The coupler assembly 20 has a side fitting 92 through which the gas is forced under pressure into the keg through the passageway formed when the first valve 65 is in the open position. The coupler body 90 is a hollow cylinder 93 having a probe movable therein between an open and closed position to actuate the valves 65, 73. The probe 88 has a shaft 97 carrying pistons, an upper piston 99 and a lower piston 101, displaced from each other along the longitudinal axis on either side of the intersection of the side fitting 92 as shown. Each piston 99, 101 has fixed in its periphery a sealing ring to seal the interface between the pistons 99, 101 and the inner walls 107 of the cylinder 93. The portion of the shaft 97 extending upwardly from the upper piston 99 above the top of the coupler body 90 carries a top fitting 94 which provides a means for coupling with tubing or other conduits for delivering the fluid which is forced out of the keg when the coupler assembly 20 is in the open position. The shaft 97 defines a shaft passageway 103 along its longitudinal axis from one end of the shaft to the other.
The distance between the pistons 99, 101 within the cylinder is one which always maintains the upper piston 99 above the intersection of the side fitting 92 and the cylinder 93 during the stroke between the open and closed position. On the other hand, the lower piston 101 when moved to the open position extends beyond the bottom of the coupler body 90 to provide an annular opening 105 therethrough. Thus, in the open position an annular passage is formed through the bottom of the coupler body 90, along the space between the shaft 97 to the side fitting 92 for the gas used in pressurizing the keg. The gas in this passage is prevented from passing through the top of the coupler body 90 by the seal formed between the upper piston 99 and the inner walls 107. The shaft passageway 103 always remains clear and open when the coupler assembly 20 is in either the open or closed position.
The bottom of the lower piston 101 has a first valve member engaging surface 109 surrounding shaft passage opening 111 through the piston 101. On either side of the opening 111 two fork members 113 extend downwardly from lower piston 101. These fork members 113 are dimensioned to pass through the second valve opening 79 and engage ball 74. Similarly, the piston 101 is dimensioned to pass through the first valve opening 69 and engaged in sealing relationship the first valve member 66.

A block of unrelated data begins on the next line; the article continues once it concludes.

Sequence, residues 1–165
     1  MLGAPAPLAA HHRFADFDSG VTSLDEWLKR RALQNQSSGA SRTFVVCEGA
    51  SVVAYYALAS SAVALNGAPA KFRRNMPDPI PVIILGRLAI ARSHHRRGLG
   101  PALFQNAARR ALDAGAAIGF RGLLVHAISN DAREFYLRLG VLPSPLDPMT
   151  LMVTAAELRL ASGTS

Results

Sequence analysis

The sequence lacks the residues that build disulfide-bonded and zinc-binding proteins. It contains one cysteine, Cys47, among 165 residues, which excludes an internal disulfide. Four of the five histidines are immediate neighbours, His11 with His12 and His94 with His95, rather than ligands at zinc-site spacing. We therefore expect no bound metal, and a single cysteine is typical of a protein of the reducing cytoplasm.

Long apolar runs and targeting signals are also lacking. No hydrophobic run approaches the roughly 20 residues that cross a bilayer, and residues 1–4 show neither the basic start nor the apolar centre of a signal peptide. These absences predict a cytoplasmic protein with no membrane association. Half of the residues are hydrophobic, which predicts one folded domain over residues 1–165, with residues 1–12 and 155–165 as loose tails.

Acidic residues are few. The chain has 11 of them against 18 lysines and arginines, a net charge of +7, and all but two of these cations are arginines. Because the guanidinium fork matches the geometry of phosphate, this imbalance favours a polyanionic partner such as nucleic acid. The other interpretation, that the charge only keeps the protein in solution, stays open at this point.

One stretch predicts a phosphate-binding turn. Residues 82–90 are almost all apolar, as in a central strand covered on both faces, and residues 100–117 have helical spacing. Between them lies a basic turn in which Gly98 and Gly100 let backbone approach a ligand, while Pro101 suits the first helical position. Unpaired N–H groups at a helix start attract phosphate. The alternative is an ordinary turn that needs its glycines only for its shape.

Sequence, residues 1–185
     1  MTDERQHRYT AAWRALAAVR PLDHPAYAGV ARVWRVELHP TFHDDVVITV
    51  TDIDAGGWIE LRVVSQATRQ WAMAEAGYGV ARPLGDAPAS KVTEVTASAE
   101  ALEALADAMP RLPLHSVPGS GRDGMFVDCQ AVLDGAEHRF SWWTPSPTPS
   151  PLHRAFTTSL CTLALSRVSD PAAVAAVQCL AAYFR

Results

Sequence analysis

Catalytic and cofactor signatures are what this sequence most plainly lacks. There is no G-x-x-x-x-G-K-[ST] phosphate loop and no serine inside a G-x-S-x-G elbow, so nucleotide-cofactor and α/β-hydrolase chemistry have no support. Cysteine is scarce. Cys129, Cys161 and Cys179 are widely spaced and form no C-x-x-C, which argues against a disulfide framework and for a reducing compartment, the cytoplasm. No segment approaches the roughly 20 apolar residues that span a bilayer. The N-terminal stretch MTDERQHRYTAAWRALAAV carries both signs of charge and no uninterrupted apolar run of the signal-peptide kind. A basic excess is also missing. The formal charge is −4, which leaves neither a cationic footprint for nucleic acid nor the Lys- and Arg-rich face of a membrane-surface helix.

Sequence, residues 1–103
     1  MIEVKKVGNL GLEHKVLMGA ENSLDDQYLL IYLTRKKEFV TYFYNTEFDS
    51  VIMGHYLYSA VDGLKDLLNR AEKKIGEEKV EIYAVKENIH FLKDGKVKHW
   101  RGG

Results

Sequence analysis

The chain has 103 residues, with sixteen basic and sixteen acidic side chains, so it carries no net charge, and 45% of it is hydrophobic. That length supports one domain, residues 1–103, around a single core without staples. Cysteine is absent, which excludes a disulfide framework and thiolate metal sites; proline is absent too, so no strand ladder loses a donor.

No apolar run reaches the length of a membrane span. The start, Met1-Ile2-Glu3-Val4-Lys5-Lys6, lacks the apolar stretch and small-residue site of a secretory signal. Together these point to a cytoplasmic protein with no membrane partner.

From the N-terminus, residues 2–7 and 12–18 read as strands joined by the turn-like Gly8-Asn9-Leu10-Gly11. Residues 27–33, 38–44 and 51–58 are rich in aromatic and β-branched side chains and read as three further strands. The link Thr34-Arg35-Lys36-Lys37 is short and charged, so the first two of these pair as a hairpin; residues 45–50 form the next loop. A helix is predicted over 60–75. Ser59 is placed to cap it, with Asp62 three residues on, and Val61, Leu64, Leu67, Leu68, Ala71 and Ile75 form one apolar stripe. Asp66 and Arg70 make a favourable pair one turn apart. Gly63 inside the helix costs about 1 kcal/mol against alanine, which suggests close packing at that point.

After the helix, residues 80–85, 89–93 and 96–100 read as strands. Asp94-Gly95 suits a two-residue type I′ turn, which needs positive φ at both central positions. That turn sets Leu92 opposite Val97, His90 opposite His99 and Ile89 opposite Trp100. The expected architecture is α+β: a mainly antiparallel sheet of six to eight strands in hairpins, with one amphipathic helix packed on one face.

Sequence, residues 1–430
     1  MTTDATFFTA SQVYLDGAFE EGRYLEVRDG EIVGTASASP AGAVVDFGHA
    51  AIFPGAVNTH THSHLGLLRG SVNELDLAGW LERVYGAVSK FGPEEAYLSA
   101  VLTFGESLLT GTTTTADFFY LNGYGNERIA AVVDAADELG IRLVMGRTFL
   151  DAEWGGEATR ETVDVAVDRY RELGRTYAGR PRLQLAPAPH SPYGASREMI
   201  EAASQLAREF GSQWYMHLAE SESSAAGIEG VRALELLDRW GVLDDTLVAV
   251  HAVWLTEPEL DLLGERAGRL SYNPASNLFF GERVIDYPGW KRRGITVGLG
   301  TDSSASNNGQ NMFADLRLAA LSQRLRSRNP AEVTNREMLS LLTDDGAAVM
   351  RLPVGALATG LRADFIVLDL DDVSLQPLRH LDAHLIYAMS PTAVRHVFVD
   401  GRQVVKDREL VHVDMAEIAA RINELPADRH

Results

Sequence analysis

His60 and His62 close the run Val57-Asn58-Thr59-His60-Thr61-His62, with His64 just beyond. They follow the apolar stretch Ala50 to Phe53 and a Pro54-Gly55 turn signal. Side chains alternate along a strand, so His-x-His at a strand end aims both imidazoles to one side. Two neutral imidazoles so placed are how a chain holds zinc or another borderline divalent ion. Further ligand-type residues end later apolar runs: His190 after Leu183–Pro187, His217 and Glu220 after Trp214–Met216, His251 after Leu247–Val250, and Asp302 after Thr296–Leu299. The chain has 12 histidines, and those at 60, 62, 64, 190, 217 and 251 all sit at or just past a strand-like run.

With the above configuration, when coupler assembly 90 is engaged with the valve body the probe can be moved from a closed or retracted position where the valves remain closed to an open or extended position where the valves are opened allowing the flow of fluids in and out of the keg through the various passages in the coupler assembly 20. In the open or extended position as shown in FIG. 5, the fork member 113 engages ball 74 displacing it from second valve seat 78 thereby opening the second valve 73 and allowing fluid under pressure to pass through the siphon tube 18, around ball 74, out of second valve opening 79, into shaft passage opening 111, through the shaft passage 103 to the top fitting 94. Similarly, in the extended position, the first valve member engaging surface 109 on the lower piston 101 engages the first valve member 66 displacing downwardly away from the first valve seat 68 to open the first valve 65. In this open position the gas used to pressurize the keg is allowed to flow in the side fitting 92 through the annular space between the shaft 97 and the inner walls 107 of cylinder 93 out of the annular opening 105, and through the first valve opening 69 into the keg.
During the downstroke of the probe 88, the fork member 113 will engage the ball 74 prior to the engagement of th lower piston 101 with the first valve member 66. As a consequence the second valve 73 will be opened slightly before the first valve 65. Upon reaching its full extension the first valve member engaging surface 109 of the lower piston 101 in addition to opening the first valve 65 seals the interface between the piston 101 and the valve member 65 thereby preventing leakage between the gas and fluid flow paths. To close the valves 65, 73 the probe 88 is retracted to the closed position disengaging lower piston 101 to disengage the valve members 66, 74 allowing them to revert to their normally closed position.
Movement of the probe 88 downwardly is achieved by operation of a lever assembly 96 described in connection with FIGS. 5, 6, 7 and 8. A flange 98 extends from one side of the coupler body 90. The lever assembly 96 has two arms 115 spaced from each other each having one end connected to flange 98 by pivot pin 95. The other end of arms 115 carries a cross-bar 109 from which extends a handle 104 for use by the operator in moving the lever from an open position to a closed position. Approximately midway between the cross-bar 109 and the pivot pin 95 are two actuator pins 117, one on each arm 115 extending inwardly for engaging an annular recess 100 which circumscribes the top portion of the fitting 94. With this configuration, movement of the handle 104 downwardly and pivotally about the pivot pin 95 will result in a corresponding movment of the actuator pins 117 which engage the probe 88 in recess 100 to force it downwardly.